Open carry, guns on campus bills pass FL Senate commitees
Oct 21 2015
In the wake of high profile shootings across the nation, state senators approved three major gun bills Tuesday, exposing deep divisions within the state over how to shield Floridians from random violence.
On Tuesday the Criminal Justice committee passed a bill (SB 344) that revises the Stand Your Ground law and another that would allow those with concealed carry permits to openly carry in public.
"Each of these bills are actually targeted at specific issues that have happened recently", Evers said. Two-time rape victim Shayna Lopez-Rivas, who came to the Capitol to testify in support of the "campus carry" bill, told lawmakers she favors the "open carry" legislation, as well.
The bill now has to pass through two more senate committees before regular session begins in January.
But with the opening of the 2016 legislative session less than three months away, the gun bills appear to be gaining added momentum even in the usually more moderate Florida Senate, possibly fueled by election-year politics.
The Senate Criminal Justice Committee also voted for a proposal shifting the burden of proof in "state your ground" cases to the prosecution. She was at the hearing to oppose a Stand Your Ground bill. "These laws embolden individuals to settle their conflicts by reaching for their firearms instead of using their words. It needs common-sense gun laws".
The National Conference of State Legislatures says that 19 states had banned carrying a concealed weapon on campuses as of June 2015. That measure is sponsored by Sen. "Some people don't like guns". I'm OK with that. "Get a can of wasp spray if it works for you". "We don't need George Zimmermans walking around with firearms exposed", said Javier Ortiz of the Miami Fraternal Order of Police. There are a lot of law-abiding citizens out there, but unfortunately, there are some people that shouldn't have firearms. "You are tying the hands of law enforcement, and you are putting our communities at stake".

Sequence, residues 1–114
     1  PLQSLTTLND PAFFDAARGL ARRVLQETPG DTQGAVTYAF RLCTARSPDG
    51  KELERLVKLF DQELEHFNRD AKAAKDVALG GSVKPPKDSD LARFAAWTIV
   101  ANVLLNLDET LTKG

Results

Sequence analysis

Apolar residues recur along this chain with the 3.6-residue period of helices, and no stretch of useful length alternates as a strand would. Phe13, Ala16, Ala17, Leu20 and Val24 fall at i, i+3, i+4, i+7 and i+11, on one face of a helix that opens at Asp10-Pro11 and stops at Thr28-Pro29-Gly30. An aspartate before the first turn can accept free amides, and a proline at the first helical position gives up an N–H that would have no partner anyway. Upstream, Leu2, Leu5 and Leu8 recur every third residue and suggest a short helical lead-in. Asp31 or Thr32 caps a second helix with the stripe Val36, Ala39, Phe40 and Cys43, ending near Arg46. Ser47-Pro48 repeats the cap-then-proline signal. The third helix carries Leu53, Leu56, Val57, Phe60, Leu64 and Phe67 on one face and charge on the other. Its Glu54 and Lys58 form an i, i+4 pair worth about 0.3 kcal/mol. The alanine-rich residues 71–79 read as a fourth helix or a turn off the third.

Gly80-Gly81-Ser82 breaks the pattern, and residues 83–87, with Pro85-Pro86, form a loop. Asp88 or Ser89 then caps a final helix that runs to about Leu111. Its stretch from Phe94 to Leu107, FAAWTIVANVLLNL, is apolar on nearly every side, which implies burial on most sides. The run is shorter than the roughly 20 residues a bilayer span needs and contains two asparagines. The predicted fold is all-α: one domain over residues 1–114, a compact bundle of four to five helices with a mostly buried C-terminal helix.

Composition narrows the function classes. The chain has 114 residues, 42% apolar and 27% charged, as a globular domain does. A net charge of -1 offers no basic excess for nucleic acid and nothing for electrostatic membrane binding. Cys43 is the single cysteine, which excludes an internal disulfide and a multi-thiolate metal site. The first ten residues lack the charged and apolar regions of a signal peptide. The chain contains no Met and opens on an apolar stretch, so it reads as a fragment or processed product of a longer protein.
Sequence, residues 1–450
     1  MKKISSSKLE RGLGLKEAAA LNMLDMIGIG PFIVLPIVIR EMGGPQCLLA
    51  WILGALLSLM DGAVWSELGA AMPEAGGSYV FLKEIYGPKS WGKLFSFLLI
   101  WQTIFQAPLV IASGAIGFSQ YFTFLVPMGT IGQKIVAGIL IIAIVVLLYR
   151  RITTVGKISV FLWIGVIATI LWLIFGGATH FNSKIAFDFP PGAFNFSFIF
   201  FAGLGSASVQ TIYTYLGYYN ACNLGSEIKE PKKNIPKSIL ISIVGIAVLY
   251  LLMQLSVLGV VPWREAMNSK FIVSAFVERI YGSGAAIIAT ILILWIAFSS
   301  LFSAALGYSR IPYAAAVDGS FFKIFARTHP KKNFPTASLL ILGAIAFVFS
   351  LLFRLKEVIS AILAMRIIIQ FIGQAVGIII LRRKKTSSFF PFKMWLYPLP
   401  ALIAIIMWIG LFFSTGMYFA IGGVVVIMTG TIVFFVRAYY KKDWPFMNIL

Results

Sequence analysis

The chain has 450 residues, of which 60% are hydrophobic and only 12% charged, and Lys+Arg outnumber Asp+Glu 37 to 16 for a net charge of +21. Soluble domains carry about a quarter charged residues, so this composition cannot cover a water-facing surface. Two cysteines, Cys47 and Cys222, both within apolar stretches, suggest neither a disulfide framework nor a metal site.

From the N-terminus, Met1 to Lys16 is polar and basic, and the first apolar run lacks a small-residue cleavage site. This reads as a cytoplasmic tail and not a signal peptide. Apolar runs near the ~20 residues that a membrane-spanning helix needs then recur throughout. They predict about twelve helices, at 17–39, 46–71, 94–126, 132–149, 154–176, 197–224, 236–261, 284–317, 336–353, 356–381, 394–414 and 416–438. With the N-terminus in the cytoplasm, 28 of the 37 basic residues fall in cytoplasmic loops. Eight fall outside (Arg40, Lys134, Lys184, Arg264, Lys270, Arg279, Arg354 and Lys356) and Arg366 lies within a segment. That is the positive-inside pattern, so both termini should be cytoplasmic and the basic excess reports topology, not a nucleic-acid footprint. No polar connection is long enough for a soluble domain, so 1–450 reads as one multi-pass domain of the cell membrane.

Stand your ground was famously cited in jury instructions following the 2012 shooting death in Central Florida of black teenager Trayvon Martin by neighborhood watch volunteer George Zimmerman. Jordan Davis, 17, was shot and killed at a Jacksonville gas station in 2012 and the shooter claimed self-defense but was later found guilty.
"We shot one target and that was it", Joyner said of her training, "and I could barely hold a gun".
But opponents - including police chiefs, college and university presidents, professors and students - said that argument isn't sound.
Bill sponsor Rob Bradley, R-Fleming Island, said he doesn't see the proposal as expanding "stand your ground". The current statute requires the defendant to prove those claims before a judge in order to avoid trial.
"I believe that only those who have a concealed carry license should be allowed to bring a weapon on campus", he said. "None of them do".
Of the remaining people surveyed, 7 percent consider Florida "too restrictive" and the other 3 percent provided no opinion during the survey, which was conducted from July 30 to August 16.